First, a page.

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Is it just me?

Jan 22, 2009
296
0
South Jersey
or does most of the conversation about hitting turn into a debate over who teaches it best. I am not a doctor or trainer, and I have no idea about kineseolgy (sp?). What I want to be able to do is build a sound swing for my 9 yo DD, so at least she can hit the ball out of the infield. I admire the passion of the people on this board, I just wish some of you could talk down to a "newsoftballdad".
 
May 12, 2008
2,217
0
Yes, that gets lost which is a shame since that's really the reason I still bother. I can give you my recommended reading list. I can give you my recommended resources. I can look at clips and tell you what I see. I can answer questions. But then it all turns into a wrangle. Which is fine. Many learn from it but the problem comes when the debate is not, IMO, in good faith and some misrepresent what some others teach. I suppose it's human nature. You want to pm me questions or email me clips I'll help all day long to the best of my ability. You want to do it on here I suppose it's going to turn into what it always does, but there is good information to be gleaned from those threads too.
 
May 27, 2008
106
0
Indiana
and some misrepresent what some others teach.
Classic!

Newsoftballdad,

Pitch to her, pitch to her, pitch to her. Let her have fun at this stage and having fun hitting the ball. In the meantime, you can begin learning at your own pace on this board, baseball-fever.com, mikeepsteinhitting.com, batspeed.com, hittingillustrated.com, and yes, even englishbeyhitting.com. You need to be able to make up your own mind about things.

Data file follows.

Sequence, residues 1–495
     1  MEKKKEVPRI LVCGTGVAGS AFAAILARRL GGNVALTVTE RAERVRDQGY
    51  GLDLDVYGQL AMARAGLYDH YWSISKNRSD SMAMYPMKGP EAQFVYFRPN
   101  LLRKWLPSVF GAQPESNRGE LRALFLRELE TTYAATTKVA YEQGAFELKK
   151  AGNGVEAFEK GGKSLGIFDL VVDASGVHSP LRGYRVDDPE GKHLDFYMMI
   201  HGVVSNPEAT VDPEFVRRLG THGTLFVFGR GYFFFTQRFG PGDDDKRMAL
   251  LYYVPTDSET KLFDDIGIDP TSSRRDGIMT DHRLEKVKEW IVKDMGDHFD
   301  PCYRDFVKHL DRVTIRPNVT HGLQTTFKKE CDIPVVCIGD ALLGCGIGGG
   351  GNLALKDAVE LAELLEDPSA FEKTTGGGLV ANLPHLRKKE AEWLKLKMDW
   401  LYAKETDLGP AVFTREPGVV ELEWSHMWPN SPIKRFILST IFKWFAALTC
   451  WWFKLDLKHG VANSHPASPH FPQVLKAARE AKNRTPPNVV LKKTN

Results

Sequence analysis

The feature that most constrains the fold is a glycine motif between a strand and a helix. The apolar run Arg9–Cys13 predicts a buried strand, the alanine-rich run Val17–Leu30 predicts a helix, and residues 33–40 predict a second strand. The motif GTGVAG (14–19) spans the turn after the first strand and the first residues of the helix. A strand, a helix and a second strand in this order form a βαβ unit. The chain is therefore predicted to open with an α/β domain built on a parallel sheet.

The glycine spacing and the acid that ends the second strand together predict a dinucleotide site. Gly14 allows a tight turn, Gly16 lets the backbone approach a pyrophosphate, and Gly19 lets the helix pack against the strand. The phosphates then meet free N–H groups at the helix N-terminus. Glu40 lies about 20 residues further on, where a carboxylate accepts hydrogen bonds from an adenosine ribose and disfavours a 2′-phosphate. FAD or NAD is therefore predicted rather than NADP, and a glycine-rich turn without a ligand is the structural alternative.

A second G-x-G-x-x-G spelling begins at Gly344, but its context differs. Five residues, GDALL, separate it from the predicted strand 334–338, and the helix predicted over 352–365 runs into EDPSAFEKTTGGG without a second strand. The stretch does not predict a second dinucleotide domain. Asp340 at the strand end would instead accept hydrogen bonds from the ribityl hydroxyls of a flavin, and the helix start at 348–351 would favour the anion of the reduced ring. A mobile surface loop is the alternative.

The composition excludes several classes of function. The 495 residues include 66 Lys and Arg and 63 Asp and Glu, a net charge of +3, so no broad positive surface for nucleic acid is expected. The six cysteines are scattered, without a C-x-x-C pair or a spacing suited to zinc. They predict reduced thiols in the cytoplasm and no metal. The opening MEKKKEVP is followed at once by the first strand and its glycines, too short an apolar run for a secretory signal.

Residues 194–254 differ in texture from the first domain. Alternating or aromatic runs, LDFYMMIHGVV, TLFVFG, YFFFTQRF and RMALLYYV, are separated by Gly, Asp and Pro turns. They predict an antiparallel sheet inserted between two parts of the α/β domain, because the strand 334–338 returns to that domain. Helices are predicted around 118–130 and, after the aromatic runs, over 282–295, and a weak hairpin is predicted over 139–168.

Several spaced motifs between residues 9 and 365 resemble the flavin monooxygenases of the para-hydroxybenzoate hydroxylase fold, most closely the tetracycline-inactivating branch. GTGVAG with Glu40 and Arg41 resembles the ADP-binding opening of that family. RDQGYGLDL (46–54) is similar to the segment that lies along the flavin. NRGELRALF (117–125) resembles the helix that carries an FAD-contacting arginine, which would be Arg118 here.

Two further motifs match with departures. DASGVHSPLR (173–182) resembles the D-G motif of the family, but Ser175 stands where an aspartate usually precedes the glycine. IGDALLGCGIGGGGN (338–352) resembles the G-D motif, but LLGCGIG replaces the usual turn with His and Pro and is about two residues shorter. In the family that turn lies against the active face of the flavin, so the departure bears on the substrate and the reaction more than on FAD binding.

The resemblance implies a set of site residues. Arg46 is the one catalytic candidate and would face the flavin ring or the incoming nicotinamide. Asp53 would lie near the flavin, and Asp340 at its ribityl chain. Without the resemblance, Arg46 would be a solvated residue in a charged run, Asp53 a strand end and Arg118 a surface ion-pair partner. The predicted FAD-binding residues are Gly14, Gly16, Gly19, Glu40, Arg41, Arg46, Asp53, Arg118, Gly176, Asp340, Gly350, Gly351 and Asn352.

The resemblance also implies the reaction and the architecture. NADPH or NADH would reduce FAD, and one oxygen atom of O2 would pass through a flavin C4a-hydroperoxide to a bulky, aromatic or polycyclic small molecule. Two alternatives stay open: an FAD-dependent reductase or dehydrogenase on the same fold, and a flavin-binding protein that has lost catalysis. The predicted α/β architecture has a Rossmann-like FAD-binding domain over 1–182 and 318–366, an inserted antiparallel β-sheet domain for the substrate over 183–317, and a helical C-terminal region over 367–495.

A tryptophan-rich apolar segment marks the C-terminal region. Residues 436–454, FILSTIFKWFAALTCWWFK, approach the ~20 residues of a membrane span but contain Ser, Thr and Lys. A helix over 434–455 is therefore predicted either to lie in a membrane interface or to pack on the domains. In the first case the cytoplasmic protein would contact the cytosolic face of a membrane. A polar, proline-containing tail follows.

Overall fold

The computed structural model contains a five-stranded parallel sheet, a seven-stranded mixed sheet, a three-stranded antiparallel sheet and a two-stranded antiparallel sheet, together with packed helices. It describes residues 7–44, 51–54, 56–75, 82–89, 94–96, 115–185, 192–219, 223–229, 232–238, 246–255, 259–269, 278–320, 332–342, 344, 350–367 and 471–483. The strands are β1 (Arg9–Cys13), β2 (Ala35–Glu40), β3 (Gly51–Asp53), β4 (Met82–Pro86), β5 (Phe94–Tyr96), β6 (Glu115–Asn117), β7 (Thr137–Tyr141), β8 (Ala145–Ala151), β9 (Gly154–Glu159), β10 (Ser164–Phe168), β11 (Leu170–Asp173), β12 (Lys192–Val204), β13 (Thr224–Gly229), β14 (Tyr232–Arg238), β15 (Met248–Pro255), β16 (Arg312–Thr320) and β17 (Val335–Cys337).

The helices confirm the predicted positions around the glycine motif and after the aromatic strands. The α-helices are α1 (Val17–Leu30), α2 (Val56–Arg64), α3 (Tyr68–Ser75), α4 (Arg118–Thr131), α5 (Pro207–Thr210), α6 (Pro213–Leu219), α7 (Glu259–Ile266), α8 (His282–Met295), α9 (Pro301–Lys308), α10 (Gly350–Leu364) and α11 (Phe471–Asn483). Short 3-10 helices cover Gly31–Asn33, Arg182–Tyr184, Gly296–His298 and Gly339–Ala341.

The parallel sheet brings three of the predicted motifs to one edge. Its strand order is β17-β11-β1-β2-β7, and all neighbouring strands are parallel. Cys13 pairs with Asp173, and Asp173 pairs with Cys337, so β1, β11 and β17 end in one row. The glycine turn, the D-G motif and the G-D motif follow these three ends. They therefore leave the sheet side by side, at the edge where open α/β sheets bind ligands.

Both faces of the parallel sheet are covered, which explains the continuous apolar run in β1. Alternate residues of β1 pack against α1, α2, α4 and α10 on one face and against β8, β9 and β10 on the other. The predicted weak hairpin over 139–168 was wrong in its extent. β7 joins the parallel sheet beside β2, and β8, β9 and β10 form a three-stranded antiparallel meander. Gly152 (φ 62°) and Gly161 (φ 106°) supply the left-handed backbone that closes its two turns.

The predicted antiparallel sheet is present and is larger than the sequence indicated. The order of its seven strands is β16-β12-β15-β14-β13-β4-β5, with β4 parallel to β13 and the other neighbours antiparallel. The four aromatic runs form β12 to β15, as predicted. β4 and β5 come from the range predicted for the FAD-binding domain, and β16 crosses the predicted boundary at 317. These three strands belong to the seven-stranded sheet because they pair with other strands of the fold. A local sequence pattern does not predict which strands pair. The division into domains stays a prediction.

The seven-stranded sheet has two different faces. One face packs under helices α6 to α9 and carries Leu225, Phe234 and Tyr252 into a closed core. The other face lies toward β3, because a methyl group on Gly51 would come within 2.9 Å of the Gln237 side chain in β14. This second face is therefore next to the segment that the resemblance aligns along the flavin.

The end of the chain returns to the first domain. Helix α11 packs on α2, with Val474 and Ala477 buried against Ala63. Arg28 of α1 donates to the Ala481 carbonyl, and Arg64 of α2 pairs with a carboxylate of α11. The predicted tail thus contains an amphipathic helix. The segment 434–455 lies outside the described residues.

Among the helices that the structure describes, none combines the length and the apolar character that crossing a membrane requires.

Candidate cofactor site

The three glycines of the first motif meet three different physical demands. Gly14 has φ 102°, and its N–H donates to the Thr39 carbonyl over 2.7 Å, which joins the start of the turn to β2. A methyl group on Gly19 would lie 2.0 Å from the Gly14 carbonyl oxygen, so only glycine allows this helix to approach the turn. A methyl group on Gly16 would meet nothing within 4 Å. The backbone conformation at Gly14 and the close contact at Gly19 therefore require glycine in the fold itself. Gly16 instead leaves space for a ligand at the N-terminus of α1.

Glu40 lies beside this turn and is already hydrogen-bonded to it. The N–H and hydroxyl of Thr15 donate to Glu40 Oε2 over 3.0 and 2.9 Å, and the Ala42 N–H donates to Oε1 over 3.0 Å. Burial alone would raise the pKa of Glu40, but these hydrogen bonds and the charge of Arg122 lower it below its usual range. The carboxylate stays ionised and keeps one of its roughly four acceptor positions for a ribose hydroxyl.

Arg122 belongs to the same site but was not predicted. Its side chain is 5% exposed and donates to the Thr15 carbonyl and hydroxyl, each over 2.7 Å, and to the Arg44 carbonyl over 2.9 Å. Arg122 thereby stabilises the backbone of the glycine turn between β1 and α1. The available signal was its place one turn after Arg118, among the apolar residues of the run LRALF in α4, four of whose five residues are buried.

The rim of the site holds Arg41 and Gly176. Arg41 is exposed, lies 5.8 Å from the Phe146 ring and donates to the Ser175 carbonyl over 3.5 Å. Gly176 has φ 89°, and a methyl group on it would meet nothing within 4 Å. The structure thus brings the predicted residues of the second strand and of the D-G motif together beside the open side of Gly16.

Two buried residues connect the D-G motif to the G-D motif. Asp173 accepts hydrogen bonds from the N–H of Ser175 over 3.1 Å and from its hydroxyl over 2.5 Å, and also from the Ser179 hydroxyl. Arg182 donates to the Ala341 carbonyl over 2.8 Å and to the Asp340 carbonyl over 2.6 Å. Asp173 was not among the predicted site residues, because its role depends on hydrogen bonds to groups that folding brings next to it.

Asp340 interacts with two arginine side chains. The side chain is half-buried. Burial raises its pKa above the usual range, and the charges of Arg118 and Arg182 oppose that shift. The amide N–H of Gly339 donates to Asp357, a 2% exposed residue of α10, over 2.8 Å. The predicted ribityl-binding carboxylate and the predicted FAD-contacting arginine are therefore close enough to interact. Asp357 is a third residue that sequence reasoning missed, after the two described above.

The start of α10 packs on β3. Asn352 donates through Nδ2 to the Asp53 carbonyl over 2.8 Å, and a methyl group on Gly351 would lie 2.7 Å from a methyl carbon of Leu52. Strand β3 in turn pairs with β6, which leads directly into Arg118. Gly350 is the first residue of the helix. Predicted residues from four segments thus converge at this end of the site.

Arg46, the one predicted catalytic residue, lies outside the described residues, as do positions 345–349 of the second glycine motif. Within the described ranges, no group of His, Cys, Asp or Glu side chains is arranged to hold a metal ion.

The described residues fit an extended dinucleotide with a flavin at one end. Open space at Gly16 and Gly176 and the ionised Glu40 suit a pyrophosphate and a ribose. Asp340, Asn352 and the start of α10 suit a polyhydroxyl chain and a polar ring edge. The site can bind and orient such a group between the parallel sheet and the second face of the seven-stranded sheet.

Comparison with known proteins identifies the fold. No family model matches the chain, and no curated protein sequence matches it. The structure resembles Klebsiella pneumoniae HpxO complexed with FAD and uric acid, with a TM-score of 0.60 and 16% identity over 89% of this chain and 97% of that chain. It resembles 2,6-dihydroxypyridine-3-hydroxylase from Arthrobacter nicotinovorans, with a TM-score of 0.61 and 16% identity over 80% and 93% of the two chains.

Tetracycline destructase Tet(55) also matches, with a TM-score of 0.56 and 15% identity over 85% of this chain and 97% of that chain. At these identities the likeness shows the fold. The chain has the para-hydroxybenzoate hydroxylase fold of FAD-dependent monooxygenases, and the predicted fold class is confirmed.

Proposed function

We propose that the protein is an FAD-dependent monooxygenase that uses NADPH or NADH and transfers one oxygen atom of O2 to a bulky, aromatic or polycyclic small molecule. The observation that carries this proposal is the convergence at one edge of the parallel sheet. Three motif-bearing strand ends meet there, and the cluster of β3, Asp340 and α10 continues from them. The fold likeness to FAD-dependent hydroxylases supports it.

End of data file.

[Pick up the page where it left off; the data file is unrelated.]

Tee work is good, but at 9 years old, that can get a little old quick. Front toss is best, IMO, and if you can get her to learn to toss the ball up herself and swing, that can allow her to learn about hips leading the way, hitting the ball palm up/palm down, and getting off the back foot.

Obviously there is more to it than that, but you do want to keep it simple and fun. At the same time, I would recommend working a lot on her overhand throw, as the synching of upper and lower torso movements are very similar.

I would probably recommend Epstein drill work, and Candrea's RightView Pro hitting CD. No one's stuff is perfect, but those can get you started in the right direction.

Mike
 
I really agree about hitting on many threads it gets complicated by so many people who want their idea to be the best. When I coached at the JO and high school level and if a player was not taking lessons from some one. I used a tee and front toss to work with many players. load, hands first, hip next and finish your swing were the basics I taught. Many parents ask me what should they do to work with their daughters with hitting. I tell them to get 2 tees. Put one in front the other and lower the first tee the bat will make conact with so the bat goes over top and hits the other and do about 40 swing every other day. Of course we talk about mechanics of hitting and proper body stance and follow thru. But the reason for 2 tees is so they do not develop the back shoulder drop and develop a level swing.
 
Jan 22, 2009
296
0
South Jersey
Guys,